Testing large scale cosmology with MeerKAT

Promotionskolloquium
Jonah Wagenveld
SCHEDULED
MPIfR

The cosmic radio dipole is an anisotropy in the number counts of radio sources, analogous to the dipole seen in the cosmic microwave background (CMB). Measurements of the radio dipole with large radio surveys have shown that though the radio dipole is aligned in direction with the CMB dipole, the amplitudes are in tension. These observations present an intriguing puzzle as to the cause of this discrepancy, with a true anisotropy having large repercussions for cosmology as a whole. Measurements of the cosmic radio dipole with large radio surveys have often suffered from systematics in the data, hampering sensitivity and reliability of these measurements. In this thesis, I aim to measure the cosmic radio dipole with the MeerKAT Absorption Line Survey (MALS). Though sky coverage of MALS is low, with 391 pointings observed in total, the sensitivity and field of view of MeerKAT yields thousands of sources observed in each pointing. We perform a deep analysis of the complete set of processing steps, from observations to cataloguing, of ten MALS pointings, to characterise and quantify potential systematic effects which could hamper a dipole measurement. Using the noise characteristics of these pointings, we find that we can homogenise the catalogues to a deep enough level for a dipole measurement. We furthermore define Bayesian estimators that are able to perform a dipole measurement with the sparse sky coverage of MALS. Testing these estimators out on other radio surveys, we perform the most significant measurement of the cosmic radio dipole yet. Finally, we perform a measurement of the dipole using all MALS pointings, but find an effect in the data which causes a systematic variation in source density with declination, hampering a dipole measurement. Though we can account for the effect by extending our estimators, it comes at the cost of further uncertainties, which can only be remedied by reprocessing the data. However, combined with other measurements performed in this thesis and in the literature, there is a little doubt anymore as to the legitimacy of the radio dipole measurement, and we may look forward to further measurements which aim to uncover the cause of the dipole tension.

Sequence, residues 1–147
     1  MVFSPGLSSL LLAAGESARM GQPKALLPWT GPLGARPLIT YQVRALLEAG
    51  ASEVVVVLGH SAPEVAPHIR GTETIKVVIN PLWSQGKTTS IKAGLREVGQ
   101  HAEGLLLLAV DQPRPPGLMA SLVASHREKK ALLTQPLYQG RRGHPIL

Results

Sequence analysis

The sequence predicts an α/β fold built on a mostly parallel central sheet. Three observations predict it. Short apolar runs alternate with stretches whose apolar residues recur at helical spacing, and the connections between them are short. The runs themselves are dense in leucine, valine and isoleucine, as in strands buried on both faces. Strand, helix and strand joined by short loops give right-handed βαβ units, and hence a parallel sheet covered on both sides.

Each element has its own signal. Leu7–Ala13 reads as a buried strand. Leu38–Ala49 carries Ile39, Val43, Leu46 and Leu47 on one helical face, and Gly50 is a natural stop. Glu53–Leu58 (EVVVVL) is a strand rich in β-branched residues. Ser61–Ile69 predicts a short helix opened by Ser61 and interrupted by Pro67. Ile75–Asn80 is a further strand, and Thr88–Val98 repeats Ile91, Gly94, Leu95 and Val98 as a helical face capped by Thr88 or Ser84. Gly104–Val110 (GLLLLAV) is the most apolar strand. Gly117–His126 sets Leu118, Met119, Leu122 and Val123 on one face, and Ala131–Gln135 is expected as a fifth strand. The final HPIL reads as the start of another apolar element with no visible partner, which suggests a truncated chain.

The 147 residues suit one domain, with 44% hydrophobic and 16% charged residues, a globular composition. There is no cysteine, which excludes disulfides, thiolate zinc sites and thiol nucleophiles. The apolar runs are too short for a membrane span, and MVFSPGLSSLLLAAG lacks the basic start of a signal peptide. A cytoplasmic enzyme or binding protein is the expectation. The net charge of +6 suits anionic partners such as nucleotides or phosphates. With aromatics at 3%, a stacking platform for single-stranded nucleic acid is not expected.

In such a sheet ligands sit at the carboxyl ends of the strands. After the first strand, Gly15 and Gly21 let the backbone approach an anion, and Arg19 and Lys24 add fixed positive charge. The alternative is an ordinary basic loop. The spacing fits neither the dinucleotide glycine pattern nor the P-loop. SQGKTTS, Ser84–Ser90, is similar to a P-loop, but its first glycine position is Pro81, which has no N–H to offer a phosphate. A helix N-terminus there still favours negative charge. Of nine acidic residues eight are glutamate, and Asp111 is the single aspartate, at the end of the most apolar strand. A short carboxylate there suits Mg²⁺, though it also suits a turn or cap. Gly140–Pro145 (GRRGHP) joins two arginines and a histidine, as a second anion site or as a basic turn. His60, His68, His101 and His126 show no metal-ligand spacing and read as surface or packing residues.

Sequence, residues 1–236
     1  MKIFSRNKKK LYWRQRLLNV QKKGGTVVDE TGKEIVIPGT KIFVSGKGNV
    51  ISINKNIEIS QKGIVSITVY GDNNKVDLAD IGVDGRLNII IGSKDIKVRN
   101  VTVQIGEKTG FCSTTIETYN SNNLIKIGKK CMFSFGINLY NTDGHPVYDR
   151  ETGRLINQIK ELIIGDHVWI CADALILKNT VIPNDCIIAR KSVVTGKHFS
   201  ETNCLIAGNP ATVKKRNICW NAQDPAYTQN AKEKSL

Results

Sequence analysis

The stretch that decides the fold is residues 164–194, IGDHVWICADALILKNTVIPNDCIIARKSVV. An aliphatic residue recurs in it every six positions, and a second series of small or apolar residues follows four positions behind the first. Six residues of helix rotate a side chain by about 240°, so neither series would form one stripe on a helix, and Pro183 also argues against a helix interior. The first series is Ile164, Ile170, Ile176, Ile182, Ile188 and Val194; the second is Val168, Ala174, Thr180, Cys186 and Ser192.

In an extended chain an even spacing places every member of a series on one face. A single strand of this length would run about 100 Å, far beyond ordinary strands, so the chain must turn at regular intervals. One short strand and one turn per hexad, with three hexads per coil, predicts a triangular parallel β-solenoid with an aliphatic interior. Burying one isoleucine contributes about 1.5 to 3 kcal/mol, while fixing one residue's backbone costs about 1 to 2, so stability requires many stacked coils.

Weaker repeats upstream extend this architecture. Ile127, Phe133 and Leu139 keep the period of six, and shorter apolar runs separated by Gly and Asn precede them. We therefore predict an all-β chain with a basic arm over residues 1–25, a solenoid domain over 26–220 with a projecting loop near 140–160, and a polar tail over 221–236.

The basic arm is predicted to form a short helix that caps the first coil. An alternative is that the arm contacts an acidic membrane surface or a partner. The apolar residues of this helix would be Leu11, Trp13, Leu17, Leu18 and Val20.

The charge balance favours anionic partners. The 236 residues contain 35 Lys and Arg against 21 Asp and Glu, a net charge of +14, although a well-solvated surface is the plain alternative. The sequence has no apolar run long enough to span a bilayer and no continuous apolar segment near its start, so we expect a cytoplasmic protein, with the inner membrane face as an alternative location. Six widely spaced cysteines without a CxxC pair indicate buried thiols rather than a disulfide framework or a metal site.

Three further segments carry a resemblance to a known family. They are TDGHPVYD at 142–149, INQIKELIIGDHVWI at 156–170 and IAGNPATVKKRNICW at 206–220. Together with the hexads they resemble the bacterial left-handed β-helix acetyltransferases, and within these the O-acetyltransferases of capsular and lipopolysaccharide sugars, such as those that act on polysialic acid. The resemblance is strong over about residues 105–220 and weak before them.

It takes two to Tango - Stellar Physics in the Era of Stellar, Transient, and Gravitational Wave Surveys

Main Colloquium
Prof. Dr. Selma de Mink
SCHEDULED
MPA

The majority of stars form in binary and multiple systems. To understand the lives and final fates of stars we need to understand how the presence of companions can affect their lives. This is especially true for massive stars we think that the majority interact with its binary companion and more than a fifth can even interact with the third star. These questions are especially timely now in the era of gravitational wave detections which are starting to reveal the properties binary black holes and neutron stars. At the same time large stellar surveys, in particular Gaia, are probing these multiple systems, Tess and soon PLATO are uncovering stellar oscillations that allow us go probe the interior of these stars, time domain surveys catch the more dramatic events involving mergers, disruptions and explosions. I like to discuss a few fun and possibly important new insights in massive (binary) stars that we have been pursuing at the new stellar department at the Max Planck Institute for Astrophysics in Garching near Munichm Germany. This will include a discussion of the claims that the Red Supergiant Betelgeuse is rotating, why the widest binaries are not boring at all, the elusive stripped stars that were missing and have now been found and if time permits a discussion about Blue Supergiants.

TBD

Main Colloquium
Dr. Roberto Neri
SCHEDULED
IRAM Grenoble (France)

TBD

TBD

Main Colloquium
Prof. Dr. Felix Aharonian
CANCELED
DIAS/Dublin and MPIK/Heidelberg

TBD

TBD

Main Colloquium
Prof. Dr. Felix Aharonian
SCHEDULED
DIAS/Dublin and MPIK/Heidelberg

TBD

MIGHTEE-COSMOS: The Radio Spectral Energy Distribution and Star Formation Rate Calibration of Galaxies at z<5

Special Colloquium
Prof. Dr. Fatemeh Tabatabaei
CANCELED
MPIA

Studying the radio spectral energy distribution (SED) of distant galaxies is essential for understanding their assembly and evolution over cosmic time. We present rest-frame SEDs of a sample of star-forming galaxies at z< 5 in the COSMOS field as part of the MeerKAT International GHz Tiered Extragalactic Exploration (MIGHTEE) project. MeerKAT observations combined with archival VLA and GMRT data allow us to estimate the equipartition magnetic field and calibrate star formation rate (SFR) up to z=5. We also measure the total energy budget of high-z galaxies emitting in the mid-radio continuum (MRC bolometric luminosities) at 1.5

TBD

Main Colloquium
Dr. Nadine Neumayer
SCHEDULED
Max-Planck-Institut für Astronomie, Heidelberg

TBD